And so, often, they just walk away from the public square. Last year, we asked hundreds of Americans where they get their news. More than a quarter of them said they know where they could go for reliable facts and information—sources like newspapers or television news shows. They just don't have the time or interest to bother.
That kind of disengagement has helped drive a wedge between what is true and what we think is true. Crime rates in American cities are far below the peaks we saw in the 1990s, but you would hardly be alone if you thought it has never been more dangerous to walk down the street. The scientific evidence for childhood vaccines has never been so strong, yet the World Health Organization recently listed vaccine hesitancy as one of the greatest threats to global health.
That's what I mean when I talk about Truth Decay. The proliferation of cable news shows and social media sites has resulted in an echo chamber of voices that agree with us—or a shouting gallery of those that don't. The switch from one-hour network news programs to 24-hour coverage did not come with a 24-fold increase in reported facts. We shouldn't be surprised when people use words like "frustrated" or "angry" to describe the national mood.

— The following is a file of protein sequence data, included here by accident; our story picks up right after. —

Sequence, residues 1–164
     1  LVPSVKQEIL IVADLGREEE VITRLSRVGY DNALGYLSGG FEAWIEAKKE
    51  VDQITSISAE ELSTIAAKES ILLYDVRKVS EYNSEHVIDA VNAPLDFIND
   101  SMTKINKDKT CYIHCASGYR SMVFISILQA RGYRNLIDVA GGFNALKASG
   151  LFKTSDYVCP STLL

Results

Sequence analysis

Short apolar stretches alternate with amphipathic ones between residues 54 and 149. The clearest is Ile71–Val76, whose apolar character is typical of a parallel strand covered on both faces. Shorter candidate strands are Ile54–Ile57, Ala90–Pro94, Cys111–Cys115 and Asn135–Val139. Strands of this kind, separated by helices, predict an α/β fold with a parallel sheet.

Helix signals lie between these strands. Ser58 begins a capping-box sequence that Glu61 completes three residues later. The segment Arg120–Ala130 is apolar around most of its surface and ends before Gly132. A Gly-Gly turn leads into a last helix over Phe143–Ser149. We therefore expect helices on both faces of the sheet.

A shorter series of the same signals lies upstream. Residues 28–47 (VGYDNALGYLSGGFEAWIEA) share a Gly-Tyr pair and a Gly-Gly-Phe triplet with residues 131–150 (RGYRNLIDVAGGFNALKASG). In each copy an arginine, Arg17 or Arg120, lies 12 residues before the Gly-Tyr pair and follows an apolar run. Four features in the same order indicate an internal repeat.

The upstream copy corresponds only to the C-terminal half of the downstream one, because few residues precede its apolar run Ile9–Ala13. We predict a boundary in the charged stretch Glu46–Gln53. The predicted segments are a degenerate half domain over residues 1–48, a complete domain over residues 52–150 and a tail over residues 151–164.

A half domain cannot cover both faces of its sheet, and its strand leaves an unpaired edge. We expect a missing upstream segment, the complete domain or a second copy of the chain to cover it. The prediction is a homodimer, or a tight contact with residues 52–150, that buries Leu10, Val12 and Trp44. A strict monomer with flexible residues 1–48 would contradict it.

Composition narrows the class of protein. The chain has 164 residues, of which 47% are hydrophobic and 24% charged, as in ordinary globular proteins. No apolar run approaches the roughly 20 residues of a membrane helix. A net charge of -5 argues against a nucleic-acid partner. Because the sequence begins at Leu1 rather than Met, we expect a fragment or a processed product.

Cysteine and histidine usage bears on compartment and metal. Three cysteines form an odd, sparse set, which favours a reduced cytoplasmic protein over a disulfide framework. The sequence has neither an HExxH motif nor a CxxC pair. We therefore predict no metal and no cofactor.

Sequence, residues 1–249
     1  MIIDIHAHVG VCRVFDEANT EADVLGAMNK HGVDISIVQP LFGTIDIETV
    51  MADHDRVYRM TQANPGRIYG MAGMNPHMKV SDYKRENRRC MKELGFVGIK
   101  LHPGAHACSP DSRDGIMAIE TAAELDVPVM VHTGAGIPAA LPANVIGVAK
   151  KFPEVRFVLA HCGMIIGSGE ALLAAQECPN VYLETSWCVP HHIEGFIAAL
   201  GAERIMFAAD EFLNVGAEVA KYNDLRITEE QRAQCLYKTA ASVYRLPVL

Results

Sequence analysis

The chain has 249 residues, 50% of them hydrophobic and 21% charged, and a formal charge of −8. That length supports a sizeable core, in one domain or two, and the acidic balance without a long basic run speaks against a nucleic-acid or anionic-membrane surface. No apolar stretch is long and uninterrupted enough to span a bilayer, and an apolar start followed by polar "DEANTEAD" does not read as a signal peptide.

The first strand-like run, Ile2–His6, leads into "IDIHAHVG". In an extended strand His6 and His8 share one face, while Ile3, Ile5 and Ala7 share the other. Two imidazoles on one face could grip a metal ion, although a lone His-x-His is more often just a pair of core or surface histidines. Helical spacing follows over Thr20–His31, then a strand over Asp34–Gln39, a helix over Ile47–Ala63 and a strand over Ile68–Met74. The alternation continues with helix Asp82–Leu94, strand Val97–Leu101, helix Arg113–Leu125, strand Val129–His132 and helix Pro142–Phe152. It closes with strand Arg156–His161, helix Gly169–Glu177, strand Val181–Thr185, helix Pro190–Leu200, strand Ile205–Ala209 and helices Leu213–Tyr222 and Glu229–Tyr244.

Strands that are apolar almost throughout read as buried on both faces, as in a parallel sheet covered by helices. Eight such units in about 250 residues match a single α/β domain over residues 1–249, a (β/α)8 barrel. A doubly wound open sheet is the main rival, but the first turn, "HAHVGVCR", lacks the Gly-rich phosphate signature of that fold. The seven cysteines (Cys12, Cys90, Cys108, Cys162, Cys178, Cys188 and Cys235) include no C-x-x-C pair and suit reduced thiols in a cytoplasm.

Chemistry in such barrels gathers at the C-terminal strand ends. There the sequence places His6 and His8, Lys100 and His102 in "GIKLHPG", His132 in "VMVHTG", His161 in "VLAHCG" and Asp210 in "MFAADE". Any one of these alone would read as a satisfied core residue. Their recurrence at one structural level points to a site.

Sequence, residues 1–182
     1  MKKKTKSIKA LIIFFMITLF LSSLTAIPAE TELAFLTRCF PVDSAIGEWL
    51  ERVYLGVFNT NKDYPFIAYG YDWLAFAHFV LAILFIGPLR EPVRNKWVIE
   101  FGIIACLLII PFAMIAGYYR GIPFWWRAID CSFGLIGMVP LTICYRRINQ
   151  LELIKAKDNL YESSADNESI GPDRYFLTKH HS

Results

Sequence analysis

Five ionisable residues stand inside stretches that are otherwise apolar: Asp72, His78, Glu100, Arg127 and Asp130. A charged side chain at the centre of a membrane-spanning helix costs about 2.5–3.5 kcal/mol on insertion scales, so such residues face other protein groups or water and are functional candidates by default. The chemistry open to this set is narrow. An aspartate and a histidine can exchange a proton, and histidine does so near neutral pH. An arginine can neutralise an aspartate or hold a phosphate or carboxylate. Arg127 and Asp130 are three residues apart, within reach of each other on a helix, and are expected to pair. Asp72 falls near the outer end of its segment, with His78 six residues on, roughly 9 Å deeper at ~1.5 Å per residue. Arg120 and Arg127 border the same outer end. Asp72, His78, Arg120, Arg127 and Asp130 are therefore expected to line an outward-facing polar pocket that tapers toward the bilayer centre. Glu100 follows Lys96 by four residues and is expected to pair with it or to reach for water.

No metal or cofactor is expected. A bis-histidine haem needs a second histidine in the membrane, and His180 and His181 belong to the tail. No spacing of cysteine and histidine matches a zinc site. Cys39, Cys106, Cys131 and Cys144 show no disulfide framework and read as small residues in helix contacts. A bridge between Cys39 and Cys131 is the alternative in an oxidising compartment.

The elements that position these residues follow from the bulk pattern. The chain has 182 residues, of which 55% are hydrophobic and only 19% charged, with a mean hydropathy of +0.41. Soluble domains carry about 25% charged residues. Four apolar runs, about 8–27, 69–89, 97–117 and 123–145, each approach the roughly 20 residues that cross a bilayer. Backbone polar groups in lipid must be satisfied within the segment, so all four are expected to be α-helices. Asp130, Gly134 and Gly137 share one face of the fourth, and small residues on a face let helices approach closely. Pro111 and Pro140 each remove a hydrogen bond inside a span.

But here's why I'm optimistic.
A few years ago, RAND endeavored to review all of the evidence for and against some of the most common ideas for reducing gun violence—tougher background checks, for example, or weapon bans. We found that there was often a lack of reliable evidence either way. Federal constraints on gun research had created a factual vacuum around one of our most vociferous debates. Everyone was just shouting into the void.
That study, though, caught the attention of the Laura and John Arnold Foundation, now called Arnold Ventures. It brought together a research consortium to invest up to $50 million in gun violence research. And Congress, which had resisted funding research into gun violence for 20 years, passed a bipartisan spending bill to provide $25 million more.